At first blush it seems a bit of a stretch to suggest that Top Gun can provide guidance to those navigating their way through corporate life. However, as anyone who has worked with me will attest, Top Gun provides a true bounty of quotes to help us in our daily dalliance with the “danger zone”.

So, as we eagerly await the release of the long anticipated Top Gun sequel, “Maverick”, I thought it timely to reflect on my favourite Top Gun quotes and the wisdom hidden in those words. Although some haven’t aged well over the last thirty-six years, others seem entirely apt.

Top Gun provides a target rich environment (boom boom), so it was tough to trim down my long list of favourites.  After much deliberation here are my top 5 quotes that seem to be continuously on repeat at work:

1.   Your ego is writing cheques your body can’t cash

Without a word of exaggeration, in certain organisations I have used this phrase on almost a daily basis.  It is an excellent reminder to keep your ego in check (sorry, I couldn’t help myself) and to remain humble, curious and respectful. You may not know all of the answers, and that is okay. The best organisations and the best leaders don’t expect you to.

Having enough humility to admit that you are just one part of the team is absolutely critical to success. You cannot possibly be good at everything and ensuring that the team has complementary skills is key.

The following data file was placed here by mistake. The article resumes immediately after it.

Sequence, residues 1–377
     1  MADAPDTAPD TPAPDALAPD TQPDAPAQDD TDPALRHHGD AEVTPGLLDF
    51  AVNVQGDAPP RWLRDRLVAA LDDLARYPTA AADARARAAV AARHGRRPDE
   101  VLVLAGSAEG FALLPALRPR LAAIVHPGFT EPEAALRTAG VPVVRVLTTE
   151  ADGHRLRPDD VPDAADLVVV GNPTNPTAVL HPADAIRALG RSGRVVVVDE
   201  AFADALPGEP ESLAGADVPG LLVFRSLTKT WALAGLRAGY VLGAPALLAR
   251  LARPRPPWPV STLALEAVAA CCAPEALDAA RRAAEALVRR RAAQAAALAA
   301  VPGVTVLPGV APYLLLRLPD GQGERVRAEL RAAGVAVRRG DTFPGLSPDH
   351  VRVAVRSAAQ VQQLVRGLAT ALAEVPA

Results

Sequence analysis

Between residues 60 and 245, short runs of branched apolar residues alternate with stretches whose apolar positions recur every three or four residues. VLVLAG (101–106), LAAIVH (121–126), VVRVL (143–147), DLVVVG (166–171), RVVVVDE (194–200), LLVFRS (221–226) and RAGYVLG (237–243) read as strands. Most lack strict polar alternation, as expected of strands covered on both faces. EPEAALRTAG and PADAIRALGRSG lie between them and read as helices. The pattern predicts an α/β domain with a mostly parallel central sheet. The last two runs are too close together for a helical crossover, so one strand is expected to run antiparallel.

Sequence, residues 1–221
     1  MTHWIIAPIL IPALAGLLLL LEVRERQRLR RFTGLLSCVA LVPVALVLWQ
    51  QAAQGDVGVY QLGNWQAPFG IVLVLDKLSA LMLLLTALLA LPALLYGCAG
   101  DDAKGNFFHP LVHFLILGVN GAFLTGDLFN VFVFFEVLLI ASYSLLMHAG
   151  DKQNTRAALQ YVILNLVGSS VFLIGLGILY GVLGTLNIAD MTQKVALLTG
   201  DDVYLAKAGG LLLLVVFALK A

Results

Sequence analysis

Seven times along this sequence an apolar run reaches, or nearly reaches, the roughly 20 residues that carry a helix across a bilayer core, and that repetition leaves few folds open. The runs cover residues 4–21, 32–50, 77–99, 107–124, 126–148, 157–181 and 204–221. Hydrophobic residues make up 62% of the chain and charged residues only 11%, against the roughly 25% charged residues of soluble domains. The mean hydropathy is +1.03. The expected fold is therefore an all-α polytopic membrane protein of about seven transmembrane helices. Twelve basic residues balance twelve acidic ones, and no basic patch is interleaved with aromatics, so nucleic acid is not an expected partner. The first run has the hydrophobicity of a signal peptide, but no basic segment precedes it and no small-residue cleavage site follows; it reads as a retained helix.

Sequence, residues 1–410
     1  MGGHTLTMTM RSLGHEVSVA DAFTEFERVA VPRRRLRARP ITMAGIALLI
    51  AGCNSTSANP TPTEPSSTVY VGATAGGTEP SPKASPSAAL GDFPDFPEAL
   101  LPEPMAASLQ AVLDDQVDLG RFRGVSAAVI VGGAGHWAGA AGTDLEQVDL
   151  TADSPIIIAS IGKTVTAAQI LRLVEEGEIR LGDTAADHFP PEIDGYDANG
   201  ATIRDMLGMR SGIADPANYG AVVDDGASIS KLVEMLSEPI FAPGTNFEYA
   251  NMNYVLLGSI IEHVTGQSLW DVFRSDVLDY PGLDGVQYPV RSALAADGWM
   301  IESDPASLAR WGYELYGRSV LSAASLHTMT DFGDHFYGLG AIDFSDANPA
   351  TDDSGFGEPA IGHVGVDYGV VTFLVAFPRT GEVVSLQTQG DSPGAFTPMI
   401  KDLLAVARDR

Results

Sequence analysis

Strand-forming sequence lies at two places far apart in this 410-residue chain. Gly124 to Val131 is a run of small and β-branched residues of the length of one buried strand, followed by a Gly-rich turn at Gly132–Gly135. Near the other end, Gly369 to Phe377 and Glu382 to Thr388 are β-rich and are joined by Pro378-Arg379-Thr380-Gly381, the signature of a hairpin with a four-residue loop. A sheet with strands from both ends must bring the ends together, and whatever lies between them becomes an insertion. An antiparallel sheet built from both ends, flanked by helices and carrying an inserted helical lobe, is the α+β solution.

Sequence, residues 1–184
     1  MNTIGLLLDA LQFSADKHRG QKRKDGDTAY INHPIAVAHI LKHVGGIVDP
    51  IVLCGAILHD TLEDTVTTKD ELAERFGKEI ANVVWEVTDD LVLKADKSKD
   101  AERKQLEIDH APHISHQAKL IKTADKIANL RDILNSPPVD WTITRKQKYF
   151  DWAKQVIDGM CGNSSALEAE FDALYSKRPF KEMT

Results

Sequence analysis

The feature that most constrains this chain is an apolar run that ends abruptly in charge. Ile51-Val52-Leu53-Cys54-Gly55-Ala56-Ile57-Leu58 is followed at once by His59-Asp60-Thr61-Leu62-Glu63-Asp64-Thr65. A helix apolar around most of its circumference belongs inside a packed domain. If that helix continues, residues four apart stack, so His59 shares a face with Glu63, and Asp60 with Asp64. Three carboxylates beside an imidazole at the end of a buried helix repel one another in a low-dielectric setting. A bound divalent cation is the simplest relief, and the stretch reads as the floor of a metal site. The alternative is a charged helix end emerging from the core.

Ultimately, no one likes working with or for an ego maniac. So, stay humble, keep learning and be respectful of everyone’s contribution. No matter how great you think you are, you can always learn from others.

2.   I feel the need, the need for speed

One of the best lessons I have learnt when delivering projects or complex pieces of work is that if you want to get a quick result, then either the quality will be impacted or the cost. If you feel the need for speed, then be prepared to pay in financial terms or quality terms. 

Put simply – speed, quality, cost. Pick two[1]. To have a fast result that is high quality, it will be expensive. To have a fast result that is inexpensive, the quality will be low. So, if you are after speed, be prepared to pay the price.

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Once you wrap your head around that concept, then you understand the consequences of moving at speed. And no matter how demanding your client (internal or external) is, you simply cannot cheat that triangle. You can only pick two! 

Image Credit: Digital Genius

3.   You can be my wingman any time

Like a lot of the language in Top Gun, the term “wingman” seems outdated in today’s modern world. However, the concept is invaluable. Everyone needs a second, or someone that they can trust at work. To survive and thrive in any workplace, having a person that you can confide in and seek advice from is critical.

I often think of myself as the wingman to those that I coach. You are a person that they can rely upon and provide guidance and feedback from the wing. Knowing that you have someone to help you from the side is invaluable and gives you an edge.

I am eternally grateful to those that have coached me during my career and provided advice and support from the wing. As I have grown in my levels of experience, it has given me a great deal of satisfaction to be able to pay that forward to others.

So, seek out your own wingman at work. But also remember to be that person for others.  

4.   You’ve lost that loving feeling

In the early romance of a new job, it is often hard to see the true culture or downside of an organisation. However, over time that rosiness disappears and the reality of how the organisation operates will become apparent. When there is a gaping chasm between what you thought the organisation was and the stark reality of what it is, you may feel like you have lost that loving feeling.